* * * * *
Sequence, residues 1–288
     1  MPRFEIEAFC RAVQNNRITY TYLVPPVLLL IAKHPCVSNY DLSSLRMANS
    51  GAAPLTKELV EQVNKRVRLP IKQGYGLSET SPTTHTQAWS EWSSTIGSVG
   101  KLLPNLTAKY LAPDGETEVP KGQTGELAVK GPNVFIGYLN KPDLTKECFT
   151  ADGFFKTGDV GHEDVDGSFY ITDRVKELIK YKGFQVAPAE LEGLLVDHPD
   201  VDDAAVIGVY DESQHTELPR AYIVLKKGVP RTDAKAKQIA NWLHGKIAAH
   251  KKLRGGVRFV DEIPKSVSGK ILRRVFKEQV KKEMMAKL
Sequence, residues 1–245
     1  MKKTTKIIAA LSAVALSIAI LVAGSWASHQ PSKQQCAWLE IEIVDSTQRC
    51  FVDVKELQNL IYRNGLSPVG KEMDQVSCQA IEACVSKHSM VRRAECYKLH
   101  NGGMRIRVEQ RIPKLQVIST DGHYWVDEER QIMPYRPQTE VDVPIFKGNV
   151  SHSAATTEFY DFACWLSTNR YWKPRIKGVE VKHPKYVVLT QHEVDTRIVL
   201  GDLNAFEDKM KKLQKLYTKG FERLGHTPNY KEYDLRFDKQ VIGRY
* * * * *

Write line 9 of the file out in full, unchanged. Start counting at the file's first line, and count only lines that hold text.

     1  MKKTTKIIAA LSAVALSIAI LVAGSWASHQ PSKQQCAWLE IEIVDSTQRC